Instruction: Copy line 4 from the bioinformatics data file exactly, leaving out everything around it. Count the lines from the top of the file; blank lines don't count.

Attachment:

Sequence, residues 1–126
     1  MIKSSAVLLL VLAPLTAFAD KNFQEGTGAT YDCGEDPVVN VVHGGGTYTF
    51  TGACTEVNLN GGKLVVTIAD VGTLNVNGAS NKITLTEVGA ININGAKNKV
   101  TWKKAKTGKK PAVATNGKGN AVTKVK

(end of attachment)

   101  TWKKAKTGKK PAVATNGKGN AVTKVK